(Janitor of Lunacy, It Has Not Taken Long, Konig)
Nothing as conventional as guitar or piano for Nico – instead she spun most of her songs behind a harmonium. The 19th-century creation is essentially a portable pump organ, with a bewitching, serpentine sound. It comes to the fore on some of Nico’s most haunting tunes. “Janitor of Lunacy” from 1970’s Desertshore is a prayer for sanctuary from an absurd fate, reportedly recorded in response to the recent death of Nico’s friend Brian Jones of The Rolling Stones. With its roiling, incantatory feel, it became one of her signature songs.
Meanwhile, the captivating “It Has Not Taken Long” from The End runs on a repetitive harmonium riff atop what sounds like a cross between a beating heart and a skipping record. Sung in Nico’s native tongue, the voice-and-harmonium solo “Konig” (German for “king”) from 1985’s Camera Obscura contrasts drastically with John Cale’s electronic-oriented production on most of the album, showing the hoary old instrument still had a place in the singer’s heart.
New Wave Nico
(Genghis Khan, One More Chance, Win a Few, Fearfully in Danger)
When Nico embraced a New Wave-tinged sound in the 80s it was more a case of the zeitgeist finally catching up with the “alternative” pioneer than the reverse. On 1981’s Drama of Exile, the post-punk guitar and almost danceable groove of “Genghis Khan” and the Bowie-in-Berlin vibe of “One More Chance” eased the now even deeper-voiced singer into the ears of a new generation. When John Cale reclaimed the producer’s chair for the aforementioned Camera Obscura, Nico’s gloomy gravitas was offset by a foreshadowing of 90s electronica on “Win a Few” and a minimal, but insistent, synth-pop framework for “Fearfully in Danger.”
(Lawns of Dawn, Evening of Light, We’ve Got the Gold)
John Cale was seemingly born to produce Nico. Her radical works plunged the dagger into your psyche and his arrangements gave the blade just the right twist. Along the way, they forged deliciously nightmarish visions on some of her finest albums. On 1968’s The Marble Index, “Lawns of Dawn” feels like being trapped inside a carnivalesque music box, while “Evening of Light” starts out simple and serene and gradually builds to a cataclysmic uproar. On The End…, “We’ve Got the Gold” starts out sounding like an entire band detuning at once and only gets eerier from there.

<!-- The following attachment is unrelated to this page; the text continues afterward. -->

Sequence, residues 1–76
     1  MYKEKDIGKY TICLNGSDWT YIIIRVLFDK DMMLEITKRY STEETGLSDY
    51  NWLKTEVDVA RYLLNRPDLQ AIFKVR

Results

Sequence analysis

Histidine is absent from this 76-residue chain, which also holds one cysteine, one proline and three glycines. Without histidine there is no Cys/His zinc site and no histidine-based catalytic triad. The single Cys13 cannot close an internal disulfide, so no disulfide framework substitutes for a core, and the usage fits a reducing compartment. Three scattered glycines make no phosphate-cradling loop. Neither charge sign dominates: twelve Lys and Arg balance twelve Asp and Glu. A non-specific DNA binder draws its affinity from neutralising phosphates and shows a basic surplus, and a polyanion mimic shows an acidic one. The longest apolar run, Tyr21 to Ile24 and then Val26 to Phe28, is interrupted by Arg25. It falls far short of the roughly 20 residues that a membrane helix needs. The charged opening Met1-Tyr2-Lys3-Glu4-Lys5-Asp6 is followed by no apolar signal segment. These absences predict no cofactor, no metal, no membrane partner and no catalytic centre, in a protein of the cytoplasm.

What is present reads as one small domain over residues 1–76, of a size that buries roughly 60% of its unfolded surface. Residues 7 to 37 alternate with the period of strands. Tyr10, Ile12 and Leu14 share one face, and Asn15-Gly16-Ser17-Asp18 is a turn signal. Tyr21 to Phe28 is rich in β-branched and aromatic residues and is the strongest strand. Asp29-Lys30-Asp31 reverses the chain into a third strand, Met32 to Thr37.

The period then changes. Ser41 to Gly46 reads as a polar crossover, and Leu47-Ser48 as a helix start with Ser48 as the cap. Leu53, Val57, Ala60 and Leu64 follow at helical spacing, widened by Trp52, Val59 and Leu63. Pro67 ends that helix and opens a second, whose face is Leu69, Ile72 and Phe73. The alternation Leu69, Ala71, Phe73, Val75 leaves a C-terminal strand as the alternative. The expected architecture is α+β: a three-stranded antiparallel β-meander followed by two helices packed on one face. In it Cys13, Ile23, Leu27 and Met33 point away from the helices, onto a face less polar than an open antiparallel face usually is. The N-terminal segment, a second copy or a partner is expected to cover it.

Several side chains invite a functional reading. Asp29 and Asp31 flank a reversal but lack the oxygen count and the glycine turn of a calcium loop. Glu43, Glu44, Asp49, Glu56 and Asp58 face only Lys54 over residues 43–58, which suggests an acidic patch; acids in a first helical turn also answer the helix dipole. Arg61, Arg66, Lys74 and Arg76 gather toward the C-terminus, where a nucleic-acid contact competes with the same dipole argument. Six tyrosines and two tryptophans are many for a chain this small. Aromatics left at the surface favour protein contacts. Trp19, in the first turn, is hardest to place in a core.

(My Only Child, Afraid, My Funny Valentine, The Fairest of the Seasons)
Conversely, Cale was also capable of bringing out the unabashed beauty in Nico’s music. On Desertshore, her voice joins the harmony singers with a striking tenderness in the nearly a cappella “My Only Child,” apparently inspired by her young son, Ari, whose voice appears on the following track and whose image adorns the album cover. The piano-led drawing-room ballad “Afraid” from the same album, also bears enough delicate poignancy to bring a tear to the eye.
Nico’s most conventionally “pretty” performance pops up surprisingly amid the electronic adventures of Camera Obscura when she comes off like a countercultural Marlene Dietrich on a quiet, cabaret-ready version of Rodgers & Hart’s “My Funny Valentine.” But the potential was there from the beginning, when her debut LP kicked off with the previously unrecorded Jackson Browne tune “The Fairest of the Seasons,” a bittersweet ballad that could be read in retrospect as portending Nico and Browne’s love affair.